There are few reports of damage after a series of earthquakes at the bottom of the South Island overnight Wednesday.
A 7.8 magnitude quake at around 9.20pm on Wednesday, was centred 100 kilometres west of Tuatapere, at a depth of 12km, followed by two aftershocks, the first 6.1 magnitude around 20 minutes later, and the another 5.9 magnitude, at 1:50am Thursday morning.
The only reports of damage are some isolated power outages, a burst water main in Winton, cracks in some buildings and products falling off shelves in shops.
It also downed some phone and power lines.
Residents near the quake say the shaking continued for a long time.
Tony Austin, Te Anau resident and owner of the Alphenhorn Motel in Te Anau, says the quake "came quietly and just built and built."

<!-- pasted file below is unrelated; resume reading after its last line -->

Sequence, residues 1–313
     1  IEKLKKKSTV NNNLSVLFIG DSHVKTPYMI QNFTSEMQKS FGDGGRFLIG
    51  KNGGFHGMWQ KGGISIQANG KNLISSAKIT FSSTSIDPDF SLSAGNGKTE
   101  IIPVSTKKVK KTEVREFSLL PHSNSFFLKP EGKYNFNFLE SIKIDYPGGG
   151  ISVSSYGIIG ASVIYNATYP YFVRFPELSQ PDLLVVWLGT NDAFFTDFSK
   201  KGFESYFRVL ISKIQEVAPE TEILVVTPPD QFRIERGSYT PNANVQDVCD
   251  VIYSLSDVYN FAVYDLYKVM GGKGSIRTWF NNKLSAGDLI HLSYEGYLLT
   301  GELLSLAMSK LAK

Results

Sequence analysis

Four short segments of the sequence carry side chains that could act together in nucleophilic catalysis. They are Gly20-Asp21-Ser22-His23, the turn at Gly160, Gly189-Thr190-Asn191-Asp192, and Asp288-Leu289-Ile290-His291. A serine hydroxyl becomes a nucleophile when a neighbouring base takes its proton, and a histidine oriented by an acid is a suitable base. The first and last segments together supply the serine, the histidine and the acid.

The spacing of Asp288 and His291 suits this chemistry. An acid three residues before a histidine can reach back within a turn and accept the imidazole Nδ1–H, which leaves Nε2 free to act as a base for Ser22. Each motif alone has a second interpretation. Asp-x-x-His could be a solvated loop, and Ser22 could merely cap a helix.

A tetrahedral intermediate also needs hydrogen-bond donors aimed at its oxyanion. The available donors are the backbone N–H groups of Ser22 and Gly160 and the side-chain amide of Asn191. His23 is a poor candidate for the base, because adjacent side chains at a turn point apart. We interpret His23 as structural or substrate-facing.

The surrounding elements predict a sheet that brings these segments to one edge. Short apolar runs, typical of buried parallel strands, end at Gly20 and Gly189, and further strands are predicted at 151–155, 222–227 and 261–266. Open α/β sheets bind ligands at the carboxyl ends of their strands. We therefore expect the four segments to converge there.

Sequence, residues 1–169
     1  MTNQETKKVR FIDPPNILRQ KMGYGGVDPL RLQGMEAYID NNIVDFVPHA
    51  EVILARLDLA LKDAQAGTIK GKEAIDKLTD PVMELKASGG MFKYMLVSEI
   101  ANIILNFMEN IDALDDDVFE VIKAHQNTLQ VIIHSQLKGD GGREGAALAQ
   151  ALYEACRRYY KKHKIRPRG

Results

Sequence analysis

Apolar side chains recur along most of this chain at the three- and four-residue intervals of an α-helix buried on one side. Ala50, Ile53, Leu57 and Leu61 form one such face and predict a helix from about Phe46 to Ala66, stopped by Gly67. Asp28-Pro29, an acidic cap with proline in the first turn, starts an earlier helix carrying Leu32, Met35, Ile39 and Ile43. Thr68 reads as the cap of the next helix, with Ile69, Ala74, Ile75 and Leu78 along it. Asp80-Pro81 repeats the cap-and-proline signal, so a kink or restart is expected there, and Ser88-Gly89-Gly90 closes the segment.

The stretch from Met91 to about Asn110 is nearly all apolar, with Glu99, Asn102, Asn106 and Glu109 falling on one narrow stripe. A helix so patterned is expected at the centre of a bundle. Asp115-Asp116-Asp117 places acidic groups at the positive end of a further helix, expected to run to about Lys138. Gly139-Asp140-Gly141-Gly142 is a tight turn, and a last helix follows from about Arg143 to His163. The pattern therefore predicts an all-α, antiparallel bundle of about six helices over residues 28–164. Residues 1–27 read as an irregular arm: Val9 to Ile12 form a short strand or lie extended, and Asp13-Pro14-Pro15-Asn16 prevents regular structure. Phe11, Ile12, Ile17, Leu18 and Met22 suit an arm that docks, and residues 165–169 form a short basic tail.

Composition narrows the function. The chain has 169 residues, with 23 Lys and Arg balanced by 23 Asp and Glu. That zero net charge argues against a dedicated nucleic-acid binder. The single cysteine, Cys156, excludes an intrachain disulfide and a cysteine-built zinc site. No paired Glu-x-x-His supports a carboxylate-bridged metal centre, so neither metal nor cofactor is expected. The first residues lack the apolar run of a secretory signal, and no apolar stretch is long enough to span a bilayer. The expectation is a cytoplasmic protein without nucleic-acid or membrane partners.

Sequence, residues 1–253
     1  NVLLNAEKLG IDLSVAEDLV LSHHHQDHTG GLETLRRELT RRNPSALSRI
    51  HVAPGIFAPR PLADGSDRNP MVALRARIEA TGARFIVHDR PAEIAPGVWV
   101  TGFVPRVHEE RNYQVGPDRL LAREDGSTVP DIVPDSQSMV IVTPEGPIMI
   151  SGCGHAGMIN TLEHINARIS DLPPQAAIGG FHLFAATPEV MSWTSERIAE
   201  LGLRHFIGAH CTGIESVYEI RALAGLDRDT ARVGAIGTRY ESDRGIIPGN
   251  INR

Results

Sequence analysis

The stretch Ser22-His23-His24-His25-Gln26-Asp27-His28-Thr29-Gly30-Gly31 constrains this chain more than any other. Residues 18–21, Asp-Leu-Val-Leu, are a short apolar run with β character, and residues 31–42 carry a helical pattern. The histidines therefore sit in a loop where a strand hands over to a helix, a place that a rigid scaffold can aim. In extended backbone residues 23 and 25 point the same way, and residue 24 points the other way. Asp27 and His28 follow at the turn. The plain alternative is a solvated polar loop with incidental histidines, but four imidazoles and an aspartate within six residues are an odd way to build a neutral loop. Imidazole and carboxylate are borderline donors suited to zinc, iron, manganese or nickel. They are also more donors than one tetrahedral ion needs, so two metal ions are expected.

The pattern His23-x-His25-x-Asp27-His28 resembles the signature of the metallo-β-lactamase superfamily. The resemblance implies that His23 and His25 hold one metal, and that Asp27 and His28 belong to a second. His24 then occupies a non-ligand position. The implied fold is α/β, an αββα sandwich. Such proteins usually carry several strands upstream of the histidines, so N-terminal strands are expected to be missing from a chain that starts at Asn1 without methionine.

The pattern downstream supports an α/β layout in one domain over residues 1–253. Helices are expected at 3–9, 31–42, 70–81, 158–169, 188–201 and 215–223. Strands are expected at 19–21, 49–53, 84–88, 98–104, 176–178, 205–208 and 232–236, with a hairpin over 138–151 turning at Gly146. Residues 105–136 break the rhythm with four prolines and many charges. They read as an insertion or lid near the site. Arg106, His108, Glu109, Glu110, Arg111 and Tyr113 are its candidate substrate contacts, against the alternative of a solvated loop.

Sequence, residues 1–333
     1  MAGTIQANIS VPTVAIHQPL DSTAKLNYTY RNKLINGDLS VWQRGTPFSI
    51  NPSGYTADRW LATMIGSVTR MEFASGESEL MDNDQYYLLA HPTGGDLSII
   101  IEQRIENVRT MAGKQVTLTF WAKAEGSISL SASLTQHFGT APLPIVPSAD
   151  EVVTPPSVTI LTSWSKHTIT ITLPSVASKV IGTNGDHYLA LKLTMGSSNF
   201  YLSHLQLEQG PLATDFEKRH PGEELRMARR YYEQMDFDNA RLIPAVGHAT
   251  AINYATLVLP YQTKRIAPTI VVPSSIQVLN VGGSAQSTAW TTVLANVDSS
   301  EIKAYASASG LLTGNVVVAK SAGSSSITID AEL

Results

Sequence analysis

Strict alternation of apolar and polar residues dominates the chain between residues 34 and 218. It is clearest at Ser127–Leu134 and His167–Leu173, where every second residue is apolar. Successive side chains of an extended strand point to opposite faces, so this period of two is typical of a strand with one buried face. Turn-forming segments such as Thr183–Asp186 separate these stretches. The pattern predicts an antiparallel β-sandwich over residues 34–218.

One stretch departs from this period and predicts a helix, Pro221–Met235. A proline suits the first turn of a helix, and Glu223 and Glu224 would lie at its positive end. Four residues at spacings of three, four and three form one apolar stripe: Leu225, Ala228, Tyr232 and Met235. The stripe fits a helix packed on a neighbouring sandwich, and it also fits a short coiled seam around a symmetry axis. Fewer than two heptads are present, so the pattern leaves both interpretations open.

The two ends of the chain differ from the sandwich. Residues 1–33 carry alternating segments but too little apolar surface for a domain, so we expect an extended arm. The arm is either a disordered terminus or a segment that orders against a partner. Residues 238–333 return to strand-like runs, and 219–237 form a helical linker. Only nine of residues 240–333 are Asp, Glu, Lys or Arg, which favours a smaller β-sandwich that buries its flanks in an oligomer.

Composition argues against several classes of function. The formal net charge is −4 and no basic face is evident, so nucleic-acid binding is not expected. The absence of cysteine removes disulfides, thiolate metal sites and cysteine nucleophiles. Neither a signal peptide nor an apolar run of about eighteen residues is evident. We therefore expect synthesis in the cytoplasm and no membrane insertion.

He says it felt far bigger than the other earthquakes they had in 2003 and 2004 and he is surprised that there has not been more damage.
GNS scientist Bill Fry says it is fortunate that the quake hit in an area that isn't very populated.
He says people should expect more aftershocks in the next few days, however he says they will be much smaller than the previous aftershocks.
He says the tsunami risk was real and had the potential to be much bigger even though it produced just a 17cm high ripple.
Officials will take to the air on Thursday morning to inspect the damage further and Environment Southland staff will be checking state highways, bridges and remote DOC huts, and be on the lookout for landslides.
Invercargill police Inspector Olaf Jensen said there were no immediate reports of damage in the southern city, but the quake was significant enough to send staff into doorways.
He described it as a strong, rolling quake rather than a sharp jolt.
People as far north as Taranaki felt the quake.
More than 14,000 earthquakes are recorded in New Zealand annually, but only about 20 are stronger than 5 on the Richter scale.
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